16 September 2008

Thyroid Disease: The Good Ole Days

Shortly after my third child was born, I started having some strange symptoms. I shook all the time, my hair fell out in clumps, I was constantly starving and ate more food than I could believe, and I had a bunch of other strange symptoms that would be even stranger to post about. But the most amazing symptom of all: I did not need to sleep.

Having a weeks old infant, plus two active little boys, most of these symptoms were easy to explain. Hungry all the time? It's the breastfeeding. Hair falling out? Hormonal shift. Shaking hands? Your totally stressed out, lady!

And I didn't even really think about how much sleep I wasn't getting, since the baby was waking up every few hours anyway. But the symptom that really bothered me was the shaking. Every morning I would tie the boys' shoes, and wonder why my hands were trembling and why I couldn't get my body to be at rest. I eliminated caffiene, no small thing if you know my coffee addiction (yes, even while breastfeeding -- send critical emails to mindyourown@itcouldbeworse.org). But without the coffee, I was still shaking like the last autumn leaf left on the tree.

Time for medical intervention. Turns out I had Graves Disease, a form of hyperactive thyroid disease. It was completely treatable, and after being on medication for a few months (it took awhile), my hands stopped shaking and my eating habits returned to normal.

What do I miss about Graves? Never needing to sleep. I could use that particular malady right about now. Eating an entire box of chocolate biscuits in one sitting. Eating 2 super burritos in one sitting. Eating pretty much everything in sight, and losing weight anyway.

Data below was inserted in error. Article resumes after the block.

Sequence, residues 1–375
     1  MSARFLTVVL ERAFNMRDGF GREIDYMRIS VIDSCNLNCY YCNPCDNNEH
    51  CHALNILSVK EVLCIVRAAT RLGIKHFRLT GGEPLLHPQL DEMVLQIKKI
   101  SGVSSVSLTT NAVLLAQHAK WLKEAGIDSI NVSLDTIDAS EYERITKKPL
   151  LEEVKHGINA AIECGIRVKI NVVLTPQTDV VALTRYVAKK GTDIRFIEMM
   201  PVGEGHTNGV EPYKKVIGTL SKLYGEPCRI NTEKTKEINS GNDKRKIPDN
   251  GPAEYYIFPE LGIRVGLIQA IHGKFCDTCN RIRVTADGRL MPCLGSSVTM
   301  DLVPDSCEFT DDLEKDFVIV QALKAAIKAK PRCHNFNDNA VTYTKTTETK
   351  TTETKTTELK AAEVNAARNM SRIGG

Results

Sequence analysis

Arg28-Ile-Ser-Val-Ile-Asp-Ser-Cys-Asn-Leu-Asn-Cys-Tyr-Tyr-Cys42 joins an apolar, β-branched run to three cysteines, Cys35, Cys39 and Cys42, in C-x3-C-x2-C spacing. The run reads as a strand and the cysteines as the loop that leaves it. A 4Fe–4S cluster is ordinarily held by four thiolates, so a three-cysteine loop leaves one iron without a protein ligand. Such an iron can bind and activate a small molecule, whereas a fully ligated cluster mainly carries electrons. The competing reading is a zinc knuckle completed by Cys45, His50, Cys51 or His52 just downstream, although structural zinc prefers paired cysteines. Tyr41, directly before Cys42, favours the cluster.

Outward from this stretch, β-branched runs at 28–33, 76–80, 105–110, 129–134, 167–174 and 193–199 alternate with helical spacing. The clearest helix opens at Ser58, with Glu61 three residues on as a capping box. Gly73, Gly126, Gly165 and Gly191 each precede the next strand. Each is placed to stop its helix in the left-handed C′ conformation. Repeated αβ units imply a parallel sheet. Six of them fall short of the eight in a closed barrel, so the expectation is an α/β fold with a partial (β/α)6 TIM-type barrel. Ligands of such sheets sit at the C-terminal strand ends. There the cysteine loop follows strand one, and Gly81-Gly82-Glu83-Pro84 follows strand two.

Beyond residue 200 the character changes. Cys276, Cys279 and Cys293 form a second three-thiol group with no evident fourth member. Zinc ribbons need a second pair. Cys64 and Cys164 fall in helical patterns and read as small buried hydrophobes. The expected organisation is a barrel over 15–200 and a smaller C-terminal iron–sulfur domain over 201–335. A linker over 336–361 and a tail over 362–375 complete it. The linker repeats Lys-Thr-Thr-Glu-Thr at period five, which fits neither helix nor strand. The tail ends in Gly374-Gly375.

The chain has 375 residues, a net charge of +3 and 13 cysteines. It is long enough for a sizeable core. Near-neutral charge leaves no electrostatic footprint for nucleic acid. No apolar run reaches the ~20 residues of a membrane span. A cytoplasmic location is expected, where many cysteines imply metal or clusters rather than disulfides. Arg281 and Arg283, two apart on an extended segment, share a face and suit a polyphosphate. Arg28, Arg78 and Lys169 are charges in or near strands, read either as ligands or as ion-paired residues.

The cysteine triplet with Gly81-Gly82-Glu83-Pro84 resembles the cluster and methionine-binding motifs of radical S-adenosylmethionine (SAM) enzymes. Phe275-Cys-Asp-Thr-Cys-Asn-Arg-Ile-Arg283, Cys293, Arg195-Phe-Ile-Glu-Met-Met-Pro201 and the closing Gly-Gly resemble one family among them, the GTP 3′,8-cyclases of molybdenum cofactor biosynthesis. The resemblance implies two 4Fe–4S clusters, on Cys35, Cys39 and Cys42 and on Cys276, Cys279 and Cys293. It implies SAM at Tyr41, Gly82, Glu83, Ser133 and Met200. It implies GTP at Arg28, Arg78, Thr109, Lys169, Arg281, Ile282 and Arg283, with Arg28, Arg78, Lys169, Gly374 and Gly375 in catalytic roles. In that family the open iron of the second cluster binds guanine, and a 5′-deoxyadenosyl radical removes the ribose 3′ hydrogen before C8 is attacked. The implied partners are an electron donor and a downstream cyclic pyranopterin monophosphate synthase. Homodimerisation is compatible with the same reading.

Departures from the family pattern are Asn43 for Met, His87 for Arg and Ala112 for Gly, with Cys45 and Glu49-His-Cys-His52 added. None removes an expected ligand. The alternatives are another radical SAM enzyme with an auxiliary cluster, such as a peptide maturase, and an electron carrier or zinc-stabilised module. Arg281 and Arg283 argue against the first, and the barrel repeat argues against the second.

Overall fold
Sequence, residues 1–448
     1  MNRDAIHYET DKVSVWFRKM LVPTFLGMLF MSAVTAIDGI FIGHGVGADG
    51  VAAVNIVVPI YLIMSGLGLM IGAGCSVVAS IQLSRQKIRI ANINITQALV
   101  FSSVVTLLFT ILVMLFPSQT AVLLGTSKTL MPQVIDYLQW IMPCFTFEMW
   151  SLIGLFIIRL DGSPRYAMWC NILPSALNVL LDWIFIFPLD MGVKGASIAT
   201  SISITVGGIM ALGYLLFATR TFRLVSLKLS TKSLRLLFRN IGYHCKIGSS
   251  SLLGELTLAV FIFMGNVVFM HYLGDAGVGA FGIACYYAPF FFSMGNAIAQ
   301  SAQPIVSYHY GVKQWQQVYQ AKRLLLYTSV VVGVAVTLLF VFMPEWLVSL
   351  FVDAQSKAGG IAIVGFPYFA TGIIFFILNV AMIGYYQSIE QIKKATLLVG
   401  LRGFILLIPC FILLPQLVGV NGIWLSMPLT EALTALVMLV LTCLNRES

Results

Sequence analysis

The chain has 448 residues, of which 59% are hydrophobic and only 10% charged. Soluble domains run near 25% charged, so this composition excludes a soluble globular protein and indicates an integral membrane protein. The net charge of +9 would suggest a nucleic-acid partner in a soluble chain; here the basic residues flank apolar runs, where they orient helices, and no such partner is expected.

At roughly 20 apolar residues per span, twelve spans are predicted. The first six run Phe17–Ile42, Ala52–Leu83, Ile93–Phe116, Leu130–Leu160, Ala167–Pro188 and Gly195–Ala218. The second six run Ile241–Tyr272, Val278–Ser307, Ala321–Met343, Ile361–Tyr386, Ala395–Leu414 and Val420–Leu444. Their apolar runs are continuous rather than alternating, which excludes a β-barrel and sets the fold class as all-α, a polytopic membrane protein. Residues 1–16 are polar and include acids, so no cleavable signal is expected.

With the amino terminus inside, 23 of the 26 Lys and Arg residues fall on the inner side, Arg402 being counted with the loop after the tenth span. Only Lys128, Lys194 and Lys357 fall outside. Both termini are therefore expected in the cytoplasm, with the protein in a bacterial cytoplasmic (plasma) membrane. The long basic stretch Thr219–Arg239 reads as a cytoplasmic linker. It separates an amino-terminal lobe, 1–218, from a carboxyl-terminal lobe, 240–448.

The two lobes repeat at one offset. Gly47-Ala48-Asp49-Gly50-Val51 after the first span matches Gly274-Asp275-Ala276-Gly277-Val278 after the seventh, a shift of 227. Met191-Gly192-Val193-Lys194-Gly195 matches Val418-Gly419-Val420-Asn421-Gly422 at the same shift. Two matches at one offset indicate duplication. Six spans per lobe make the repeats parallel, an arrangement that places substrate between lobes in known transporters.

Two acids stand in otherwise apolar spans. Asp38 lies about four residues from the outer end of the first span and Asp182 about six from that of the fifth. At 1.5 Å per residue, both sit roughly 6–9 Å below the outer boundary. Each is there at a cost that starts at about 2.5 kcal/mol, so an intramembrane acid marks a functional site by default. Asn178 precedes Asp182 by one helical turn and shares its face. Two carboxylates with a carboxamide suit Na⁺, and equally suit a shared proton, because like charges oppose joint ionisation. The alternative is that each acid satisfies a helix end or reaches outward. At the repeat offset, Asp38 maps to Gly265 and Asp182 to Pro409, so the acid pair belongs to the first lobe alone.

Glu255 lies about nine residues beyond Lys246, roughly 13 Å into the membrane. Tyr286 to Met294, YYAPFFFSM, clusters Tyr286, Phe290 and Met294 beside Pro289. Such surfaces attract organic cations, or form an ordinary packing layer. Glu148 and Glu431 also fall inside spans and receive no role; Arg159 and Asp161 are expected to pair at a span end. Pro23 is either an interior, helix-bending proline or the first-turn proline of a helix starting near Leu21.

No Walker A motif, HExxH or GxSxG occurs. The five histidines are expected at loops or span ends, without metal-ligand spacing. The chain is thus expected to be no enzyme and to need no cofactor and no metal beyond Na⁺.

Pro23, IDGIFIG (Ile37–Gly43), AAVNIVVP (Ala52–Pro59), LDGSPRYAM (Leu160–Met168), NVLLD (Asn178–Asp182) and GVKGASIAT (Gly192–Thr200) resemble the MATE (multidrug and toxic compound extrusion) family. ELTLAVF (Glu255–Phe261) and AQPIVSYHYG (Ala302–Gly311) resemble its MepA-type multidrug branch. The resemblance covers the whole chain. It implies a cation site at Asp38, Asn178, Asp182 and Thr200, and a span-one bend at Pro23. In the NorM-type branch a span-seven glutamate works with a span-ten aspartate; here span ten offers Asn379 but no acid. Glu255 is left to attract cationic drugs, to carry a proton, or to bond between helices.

It didn't occur to me until being diagnosed that the amount of energy I had was not normal. That zipping around on 3 or 4 hours of sleep was not just "baby-high." I think Graves Disease is the biggest reason why the 12-hour road trip we took to Portland when Lola was 2.5 weeks old went so smoothly. Not needing to sleep frees up an amazing amount of time you otherwise waste; I got phenomenal amounts of stuff done.

Which leads to my current nostalgia for my days of disease. Given that homework, dinner, and the evening routine took me until 9:55 tonight, I found myself wistfully wishing for my hyperthyroid to return. Just think how much I could get done!

There are alternatives: I could become a meth-mom. I hear they plow through their to-do lists like wacked-out Energizer bunnies. But then I'd have meth-mouth, and that's just gross. I could "just say no" and shorten the to do list, but then the kids would wear dirty socks, people wouldn't eat, and the nice electricity man might find our address on his job list for the day. He would be bringing his big clippers. I could GET ORGANIZED.

I dunno, it seems so much easier to just get a disease that allows me to eat endlessly, never gain weight, and stay up all night.

When I got pregnant with Elizabeth, my doctor told me that the Graves disease would take a little hiatus until after I delivered, but then would likely come back. This was supposed to be a life-long condition. No such luck. It never came back. I am stuck having a regular old need for sleep, gobbling up precious hours of my day.

But here's hoping it returns someday! I will enjoy those days before the meds kick in to their fullest.

1 comment:

Sandy said...

Thank you so much. My husband and I both laughed out loud and trust me, it was much needed today.

I absolutely love mindyourown@noneofyourbusiness.org

I will steal it.